Australia’s deep knowledge of predicting, surviving, and thriving after disaster formed the central theme when a panel shared their expertise in the science of natural disaster with key decision makers in Canberra recently.
Presenting at a private session for parliamentarians at Parliament House, the panel included:
- Dr Sue Barrell | Bureau of Meteorology
- Mr Mark Edwards | Geoscience Australia
- Professor Vivienne Tippett | Institute of Health Biomedical Innovation, QUT
- Dr Marta Yebra | Fenner School of Environment and Society, Australian National University
- Dr Lisa Gibbs | Melbourne School of Population and Global Health, University of Melbourne
The panel spoke about Australia’s sophisticated weather prediction techniques and technologies and how these help decision-makers and communities prepare to survive flood, severe storms, and other extreme events, as well as our strong know-how in the science of bushfire.
The panel also touched on the importance of evidence-based techniques for convincing citizens to leave their homes in times of impending disaster, and of building resilient and connected communities who are better prepared to bounce back after catastrophe strikes.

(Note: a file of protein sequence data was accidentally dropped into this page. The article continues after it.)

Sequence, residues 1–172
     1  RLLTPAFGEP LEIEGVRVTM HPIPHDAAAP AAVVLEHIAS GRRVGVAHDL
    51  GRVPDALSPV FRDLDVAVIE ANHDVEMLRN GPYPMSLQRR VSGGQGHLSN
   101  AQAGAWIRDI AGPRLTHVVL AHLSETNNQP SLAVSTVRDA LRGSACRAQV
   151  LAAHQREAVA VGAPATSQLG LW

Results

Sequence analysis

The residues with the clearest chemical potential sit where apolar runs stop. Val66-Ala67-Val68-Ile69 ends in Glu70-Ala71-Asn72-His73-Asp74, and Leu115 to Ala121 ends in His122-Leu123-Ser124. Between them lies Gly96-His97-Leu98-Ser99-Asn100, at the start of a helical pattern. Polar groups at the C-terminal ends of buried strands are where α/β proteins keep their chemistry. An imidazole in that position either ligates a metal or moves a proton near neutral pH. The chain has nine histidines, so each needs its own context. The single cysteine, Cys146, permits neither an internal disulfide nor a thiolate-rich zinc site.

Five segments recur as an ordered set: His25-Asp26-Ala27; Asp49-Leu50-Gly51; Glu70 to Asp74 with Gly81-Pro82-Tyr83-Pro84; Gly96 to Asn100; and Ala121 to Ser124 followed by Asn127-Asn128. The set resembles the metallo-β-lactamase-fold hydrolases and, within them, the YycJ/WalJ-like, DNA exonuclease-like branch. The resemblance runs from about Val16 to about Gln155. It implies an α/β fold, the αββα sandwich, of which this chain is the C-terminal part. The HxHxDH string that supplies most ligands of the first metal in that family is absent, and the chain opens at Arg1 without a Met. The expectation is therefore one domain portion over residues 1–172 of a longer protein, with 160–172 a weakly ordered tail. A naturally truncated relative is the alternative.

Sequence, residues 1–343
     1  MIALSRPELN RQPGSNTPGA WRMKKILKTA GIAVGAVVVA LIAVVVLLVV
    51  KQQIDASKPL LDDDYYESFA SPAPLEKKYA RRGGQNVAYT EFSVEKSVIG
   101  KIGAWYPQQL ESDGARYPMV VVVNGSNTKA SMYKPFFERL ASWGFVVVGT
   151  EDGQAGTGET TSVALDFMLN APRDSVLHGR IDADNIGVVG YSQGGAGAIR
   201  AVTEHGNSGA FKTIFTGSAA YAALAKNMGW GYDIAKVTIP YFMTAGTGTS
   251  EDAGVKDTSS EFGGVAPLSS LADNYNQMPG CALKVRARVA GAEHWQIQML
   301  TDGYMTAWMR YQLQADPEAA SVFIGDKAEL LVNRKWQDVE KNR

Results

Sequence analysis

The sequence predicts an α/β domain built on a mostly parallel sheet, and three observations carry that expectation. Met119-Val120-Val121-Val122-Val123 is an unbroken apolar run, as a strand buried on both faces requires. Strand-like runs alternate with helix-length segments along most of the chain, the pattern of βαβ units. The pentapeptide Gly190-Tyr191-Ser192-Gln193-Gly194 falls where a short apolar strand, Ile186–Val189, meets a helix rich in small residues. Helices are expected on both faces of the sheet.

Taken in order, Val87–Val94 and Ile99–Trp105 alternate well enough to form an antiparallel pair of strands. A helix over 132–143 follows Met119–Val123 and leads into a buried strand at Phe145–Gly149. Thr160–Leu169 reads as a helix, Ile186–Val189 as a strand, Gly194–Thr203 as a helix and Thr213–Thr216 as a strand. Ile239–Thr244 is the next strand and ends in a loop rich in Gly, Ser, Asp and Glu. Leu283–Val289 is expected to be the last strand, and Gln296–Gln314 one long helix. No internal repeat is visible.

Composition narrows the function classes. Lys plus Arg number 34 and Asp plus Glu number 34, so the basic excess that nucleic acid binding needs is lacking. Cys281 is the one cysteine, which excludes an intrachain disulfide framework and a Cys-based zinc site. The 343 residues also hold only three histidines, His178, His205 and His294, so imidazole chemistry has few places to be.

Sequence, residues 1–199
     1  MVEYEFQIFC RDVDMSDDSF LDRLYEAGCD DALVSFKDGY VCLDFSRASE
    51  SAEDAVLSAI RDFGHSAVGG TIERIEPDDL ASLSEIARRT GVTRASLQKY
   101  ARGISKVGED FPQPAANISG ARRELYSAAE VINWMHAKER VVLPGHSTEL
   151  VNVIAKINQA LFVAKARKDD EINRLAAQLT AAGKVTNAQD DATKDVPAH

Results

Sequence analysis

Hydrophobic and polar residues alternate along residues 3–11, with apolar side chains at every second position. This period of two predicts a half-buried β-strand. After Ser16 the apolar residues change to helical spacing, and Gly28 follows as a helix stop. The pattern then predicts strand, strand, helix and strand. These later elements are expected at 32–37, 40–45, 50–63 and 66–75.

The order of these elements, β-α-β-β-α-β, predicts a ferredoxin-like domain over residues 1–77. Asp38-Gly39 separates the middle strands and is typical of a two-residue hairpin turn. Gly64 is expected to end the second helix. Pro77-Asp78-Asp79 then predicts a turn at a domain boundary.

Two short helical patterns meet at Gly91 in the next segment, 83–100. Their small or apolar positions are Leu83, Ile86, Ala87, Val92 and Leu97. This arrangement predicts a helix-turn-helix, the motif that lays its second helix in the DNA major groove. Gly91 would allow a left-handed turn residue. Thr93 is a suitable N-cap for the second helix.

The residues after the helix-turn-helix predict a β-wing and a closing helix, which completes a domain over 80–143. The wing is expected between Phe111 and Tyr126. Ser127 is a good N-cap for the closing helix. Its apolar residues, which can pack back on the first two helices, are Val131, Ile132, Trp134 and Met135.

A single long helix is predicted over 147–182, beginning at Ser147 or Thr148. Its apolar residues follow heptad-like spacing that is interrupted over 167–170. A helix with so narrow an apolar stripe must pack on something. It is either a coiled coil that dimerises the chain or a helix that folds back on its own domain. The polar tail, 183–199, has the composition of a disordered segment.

Recent findings around the sometimes unexpected consequences of major storms – such as increased risk of asthma – and the status of heatwaves as Australia’s deadliest extreme weather events, surprised and engaged legislators from electorates around the nation.
A very special thanks to our partner, the Australian Academy of Science, which works with us to connect scientists and technologists with decision makers through the Parliamentary Friends of Science.
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